Charles Coleman Finlay
HEIDI'S PICK SIX
1. Which of your characters is your favorite?
Usually the one I'm currently writing. Maggot, the title character of The Prodigal Troll and some stories in F&SF, is so much fun to write because he's such a fish out of water, neither man nor troll, and never really understanding other culture. People see him and think Tarzan, but the whole point of Tarzan is that he fits in everywhere, learns everything, masters every environment. Maggot's much more confused and dysfunctional than that, and in his shock at war or his reluctance to kill, he's more heroic to me than many other heros.
The Prodigal Troll
Then there's Proctor Brown, the Massachusetts minuteman who discovers he's a witch. He's in a story coming out in F&SF and is the main character in a current novel project. I like him because I like the Revolutionary period, the real bravery and sacrifice that was involved, and here is a character who embodies all that along with some of the less noble history before that and the contradictions that arise from that history.
I also just finished writing another Maxim Nikomedes novella. Max is the protagonist in The Political Officer, and he's jaded and cynical and a compulsive liar, which makes him tremendously fun to write. I expect to do more with Max if I sell the new story.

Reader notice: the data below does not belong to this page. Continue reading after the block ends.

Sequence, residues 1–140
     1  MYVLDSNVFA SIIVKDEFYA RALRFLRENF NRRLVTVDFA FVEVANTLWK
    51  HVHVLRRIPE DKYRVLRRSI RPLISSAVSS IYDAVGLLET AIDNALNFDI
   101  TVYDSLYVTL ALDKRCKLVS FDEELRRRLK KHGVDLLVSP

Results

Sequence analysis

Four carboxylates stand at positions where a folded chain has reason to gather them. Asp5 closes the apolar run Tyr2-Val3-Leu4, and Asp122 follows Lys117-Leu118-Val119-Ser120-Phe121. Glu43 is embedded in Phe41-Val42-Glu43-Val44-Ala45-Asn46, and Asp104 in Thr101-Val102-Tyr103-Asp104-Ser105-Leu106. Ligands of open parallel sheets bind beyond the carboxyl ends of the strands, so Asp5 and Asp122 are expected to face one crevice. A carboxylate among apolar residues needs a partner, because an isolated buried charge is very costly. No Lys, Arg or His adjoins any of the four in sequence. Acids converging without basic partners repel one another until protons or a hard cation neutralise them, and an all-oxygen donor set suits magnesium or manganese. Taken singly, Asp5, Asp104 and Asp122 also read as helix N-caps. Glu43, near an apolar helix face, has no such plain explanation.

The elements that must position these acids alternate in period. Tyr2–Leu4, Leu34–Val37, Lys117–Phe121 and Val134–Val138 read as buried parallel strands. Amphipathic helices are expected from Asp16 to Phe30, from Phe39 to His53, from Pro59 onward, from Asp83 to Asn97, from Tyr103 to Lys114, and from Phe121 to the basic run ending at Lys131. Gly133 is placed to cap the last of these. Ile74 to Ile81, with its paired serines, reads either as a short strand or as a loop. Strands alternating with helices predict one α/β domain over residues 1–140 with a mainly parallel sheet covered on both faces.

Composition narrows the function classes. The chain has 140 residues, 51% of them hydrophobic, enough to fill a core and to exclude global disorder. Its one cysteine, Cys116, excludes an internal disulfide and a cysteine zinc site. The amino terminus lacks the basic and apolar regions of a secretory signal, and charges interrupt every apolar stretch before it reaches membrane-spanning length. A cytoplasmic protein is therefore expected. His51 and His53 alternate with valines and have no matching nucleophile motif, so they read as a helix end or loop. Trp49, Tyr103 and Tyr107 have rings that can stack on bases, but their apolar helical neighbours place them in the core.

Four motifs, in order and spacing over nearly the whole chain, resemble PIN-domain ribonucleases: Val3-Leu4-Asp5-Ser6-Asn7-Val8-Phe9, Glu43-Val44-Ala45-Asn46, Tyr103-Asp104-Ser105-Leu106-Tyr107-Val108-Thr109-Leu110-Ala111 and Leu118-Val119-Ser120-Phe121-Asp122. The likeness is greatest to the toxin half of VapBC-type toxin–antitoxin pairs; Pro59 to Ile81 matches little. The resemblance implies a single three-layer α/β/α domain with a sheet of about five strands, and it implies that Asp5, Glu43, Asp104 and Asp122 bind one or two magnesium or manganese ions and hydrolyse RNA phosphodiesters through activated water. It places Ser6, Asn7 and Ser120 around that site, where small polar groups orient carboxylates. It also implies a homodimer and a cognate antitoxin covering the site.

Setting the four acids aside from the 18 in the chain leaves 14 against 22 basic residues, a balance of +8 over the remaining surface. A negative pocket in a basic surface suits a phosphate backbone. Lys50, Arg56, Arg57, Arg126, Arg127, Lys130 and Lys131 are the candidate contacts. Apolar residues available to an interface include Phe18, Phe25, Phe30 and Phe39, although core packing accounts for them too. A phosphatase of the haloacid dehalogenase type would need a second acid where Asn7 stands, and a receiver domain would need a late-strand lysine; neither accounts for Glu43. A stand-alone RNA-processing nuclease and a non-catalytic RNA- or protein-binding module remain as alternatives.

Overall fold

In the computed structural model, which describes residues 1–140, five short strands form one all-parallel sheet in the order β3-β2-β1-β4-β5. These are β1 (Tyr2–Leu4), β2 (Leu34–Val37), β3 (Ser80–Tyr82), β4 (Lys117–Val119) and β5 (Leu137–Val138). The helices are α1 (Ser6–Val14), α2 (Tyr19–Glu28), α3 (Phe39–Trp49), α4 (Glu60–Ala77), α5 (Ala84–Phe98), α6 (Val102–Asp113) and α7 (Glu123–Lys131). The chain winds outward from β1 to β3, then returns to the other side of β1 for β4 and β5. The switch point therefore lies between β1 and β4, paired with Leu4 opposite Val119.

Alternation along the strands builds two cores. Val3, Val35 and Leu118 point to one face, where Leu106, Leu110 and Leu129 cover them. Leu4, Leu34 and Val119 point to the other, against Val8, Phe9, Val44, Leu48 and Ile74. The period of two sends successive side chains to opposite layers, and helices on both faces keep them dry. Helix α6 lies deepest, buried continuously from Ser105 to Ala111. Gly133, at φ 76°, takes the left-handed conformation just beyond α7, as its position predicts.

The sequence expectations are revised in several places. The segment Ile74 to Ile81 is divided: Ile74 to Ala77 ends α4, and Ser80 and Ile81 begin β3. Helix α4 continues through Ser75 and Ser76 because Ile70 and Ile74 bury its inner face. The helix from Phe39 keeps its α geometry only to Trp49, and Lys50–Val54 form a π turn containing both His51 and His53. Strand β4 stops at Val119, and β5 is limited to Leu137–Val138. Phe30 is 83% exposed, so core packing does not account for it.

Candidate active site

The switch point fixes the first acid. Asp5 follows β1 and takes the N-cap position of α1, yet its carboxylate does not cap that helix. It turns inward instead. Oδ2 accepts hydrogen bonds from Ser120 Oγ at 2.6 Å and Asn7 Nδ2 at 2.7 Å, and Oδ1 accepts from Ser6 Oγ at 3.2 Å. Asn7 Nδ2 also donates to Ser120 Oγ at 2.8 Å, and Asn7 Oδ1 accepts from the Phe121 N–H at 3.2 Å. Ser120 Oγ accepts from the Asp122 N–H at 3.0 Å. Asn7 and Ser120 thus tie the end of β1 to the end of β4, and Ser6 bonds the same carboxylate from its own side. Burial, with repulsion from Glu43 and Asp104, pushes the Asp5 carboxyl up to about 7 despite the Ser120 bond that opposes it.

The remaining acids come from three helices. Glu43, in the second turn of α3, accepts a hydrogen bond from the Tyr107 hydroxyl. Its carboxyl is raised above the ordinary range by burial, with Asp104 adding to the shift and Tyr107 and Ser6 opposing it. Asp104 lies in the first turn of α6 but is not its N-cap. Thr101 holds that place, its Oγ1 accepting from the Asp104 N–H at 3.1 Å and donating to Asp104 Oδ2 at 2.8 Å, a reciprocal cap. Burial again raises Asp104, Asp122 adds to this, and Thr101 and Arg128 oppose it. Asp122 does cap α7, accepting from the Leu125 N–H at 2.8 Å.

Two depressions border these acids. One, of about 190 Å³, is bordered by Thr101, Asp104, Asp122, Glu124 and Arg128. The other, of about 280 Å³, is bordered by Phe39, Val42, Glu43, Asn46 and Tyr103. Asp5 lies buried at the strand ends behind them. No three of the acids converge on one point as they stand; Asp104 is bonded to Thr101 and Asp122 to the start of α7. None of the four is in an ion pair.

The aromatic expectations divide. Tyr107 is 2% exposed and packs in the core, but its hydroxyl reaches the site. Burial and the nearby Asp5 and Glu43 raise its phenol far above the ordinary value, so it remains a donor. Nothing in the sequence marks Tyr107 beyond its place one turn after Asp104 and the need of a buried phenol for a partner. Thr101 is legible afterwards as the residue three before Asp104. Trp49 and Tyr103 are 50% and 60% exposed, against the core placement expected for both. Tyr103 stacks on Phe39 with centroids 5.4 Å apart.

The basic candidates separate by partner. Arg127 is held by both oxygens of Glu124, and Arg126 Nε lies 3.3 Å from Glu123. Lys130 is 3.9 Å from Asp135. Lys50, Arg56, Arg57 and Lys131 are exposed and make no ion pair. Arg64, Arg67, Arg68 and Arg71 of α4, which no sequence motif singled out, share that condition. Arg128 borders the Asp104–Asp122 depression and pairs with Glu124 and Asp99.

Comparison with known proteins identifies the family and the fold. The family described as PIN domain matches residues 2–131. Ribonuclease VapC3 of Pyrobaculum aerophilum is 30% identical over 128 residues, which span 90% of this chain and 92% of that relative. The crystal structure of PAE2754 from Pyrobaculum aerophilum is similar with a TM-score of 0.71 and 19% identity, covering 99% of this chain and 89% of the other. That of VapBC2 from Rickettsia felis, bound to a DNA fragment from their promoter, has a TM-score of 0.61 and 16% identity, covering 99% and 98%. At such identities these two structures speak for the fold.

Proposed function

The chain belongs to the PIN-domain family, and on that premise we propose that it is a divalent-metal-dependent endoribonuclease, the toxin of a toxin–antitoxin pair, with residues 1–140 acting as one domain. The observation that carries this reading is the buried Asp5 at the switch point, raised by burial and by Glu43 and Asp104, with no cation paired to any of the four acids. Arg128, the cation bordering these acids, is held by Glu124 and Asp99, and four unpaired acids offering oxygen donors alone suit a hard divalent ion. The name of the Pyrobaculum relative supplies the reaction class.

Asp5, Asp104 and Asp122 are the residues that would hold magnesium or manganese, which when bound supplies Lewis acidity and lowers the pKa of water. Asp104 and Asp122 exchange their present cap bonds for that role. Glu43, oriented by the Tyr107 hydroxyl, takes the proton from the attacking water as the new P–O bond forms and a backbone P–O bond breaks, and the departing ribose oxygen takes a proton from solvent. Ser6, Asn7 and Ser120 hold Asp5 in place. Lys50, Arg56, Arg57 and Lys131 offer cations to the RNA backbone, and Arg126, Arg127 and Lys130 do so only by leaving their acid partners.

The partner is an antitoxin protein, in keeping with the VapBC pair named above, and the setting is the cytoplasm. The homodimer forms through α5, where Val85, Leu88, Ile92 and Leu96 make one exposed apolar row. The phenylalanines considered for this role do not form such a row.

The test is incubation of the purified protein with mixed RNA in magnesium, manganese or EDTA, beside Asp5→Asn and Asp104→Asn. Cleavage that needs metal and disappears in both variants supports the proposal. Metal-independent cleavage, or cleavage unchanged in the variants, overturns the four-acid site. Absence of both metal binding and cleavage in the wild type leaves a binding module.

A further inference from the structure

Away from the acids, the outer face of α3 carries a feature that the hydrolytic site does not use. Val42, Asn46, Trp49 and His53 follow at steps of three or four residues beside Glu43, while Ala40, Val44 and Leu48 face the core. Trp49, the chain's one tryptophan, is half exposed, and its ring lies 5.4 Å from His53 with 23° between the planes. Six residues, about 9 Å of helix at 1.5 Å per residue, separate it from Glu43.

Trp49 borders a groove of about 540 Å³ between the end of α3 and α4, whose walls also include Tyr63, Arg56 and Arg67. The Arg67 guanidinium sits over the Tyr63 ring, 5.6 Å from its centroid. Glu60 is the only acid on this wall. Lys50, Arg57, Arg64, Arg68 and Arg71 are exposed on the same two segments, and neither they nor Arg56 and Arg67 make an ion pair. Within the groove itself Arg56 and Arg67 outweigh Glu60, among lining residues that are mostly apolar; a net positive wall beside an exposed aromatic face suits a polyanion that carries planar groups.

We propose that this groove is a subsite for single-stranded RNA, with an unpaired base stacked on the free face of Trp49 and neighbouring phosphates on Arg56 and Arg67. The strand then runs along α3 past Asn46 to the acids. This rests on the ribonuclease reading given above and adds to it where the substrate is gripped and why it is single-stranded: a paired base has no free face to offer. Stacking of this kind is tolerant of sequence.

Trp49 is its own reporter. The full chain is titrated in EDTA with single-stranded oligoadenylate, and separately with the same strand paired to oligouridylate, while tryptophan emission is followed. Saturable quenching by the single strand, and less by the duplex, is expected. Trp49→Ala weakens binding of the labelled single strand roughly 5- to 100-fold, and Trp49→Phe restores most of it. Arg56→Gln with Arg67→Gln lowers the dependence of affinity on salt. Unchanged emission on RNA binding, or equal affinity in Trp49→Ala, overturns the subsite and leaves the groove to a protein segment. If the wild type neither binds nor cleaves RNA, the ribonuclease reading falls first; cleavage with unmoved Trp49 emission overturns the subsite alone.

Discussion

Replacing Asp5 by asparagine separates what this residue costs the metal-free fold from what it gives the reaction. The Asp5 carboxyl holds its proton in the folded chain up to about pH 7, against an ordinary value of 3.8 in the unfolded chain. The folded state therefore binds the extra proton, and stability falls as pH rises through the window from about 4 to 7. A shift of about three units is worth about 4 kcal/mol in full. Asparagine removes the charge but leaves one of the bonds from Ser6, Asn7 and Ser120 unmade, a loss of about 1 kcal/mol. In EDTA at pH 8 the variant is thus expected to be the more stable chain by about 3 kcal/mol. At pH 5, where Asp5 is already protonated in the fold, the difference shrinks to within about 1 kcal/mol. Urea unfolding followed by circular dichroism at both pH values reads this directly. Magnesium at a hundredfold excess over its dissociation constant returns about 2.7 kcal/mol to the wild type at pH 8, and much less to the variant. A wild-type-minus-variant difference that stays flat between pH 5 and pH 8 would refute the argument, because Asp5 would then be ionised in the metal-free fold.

2. Tell me about your travels.
3. Coffee, tea, or milk?
Morning, evening, and cereal.
4. What else can you do besides write?
5. Who are you reading right now?
I just finished serving a term -- and no, that's not meant to sound like prison -- as co-chair of the jury for the Andre Norton Award, so I received and read part or all of about a hundred novels this past year, many of them crammed into the final couple months before we made our decision. I'm recovering from that by reading magazines. I just caught up with the last three months of F&SF and have been perusing Strange Horizons. Besides that, I'm immersed in histories of the Revolution and witchcraft right now as research for the new project.
6. Pop culture or academia?
I'm torn between the two, mostly because I suck in some ways at both. I mean, I didn't own a TV or go see hardly any movies for about ten years, and even before that my pop culture exposure was spotty. Ted Chiang did an intervention for me at Rio Hondo one year because I had never seen Blazing Saddles. So that all adds up to crappy pop culture street cred, you know? But I grew up on comic books and still have copies of the "Doomsday Plus One" comics that started John Byrne's career at Charlton and some of the old Mike Grell Warlords and even a few Captain Canucks, and now I have a dvd player and Netflix and love Buffy and Firefly and CSI, and all that is about as poppy as you get.
On the academic side, I've spent twelve years in universities because of changing majors and dropping out and going back. I've co-authored a chapter in a college textbook and was a graduate research assistant for two award-winning books on early American history, and I defended my master's thesis and then didn't earn because I failed to file the paper work in time. It's the same thing as pop culture: I've got some background, and some niches with things I love.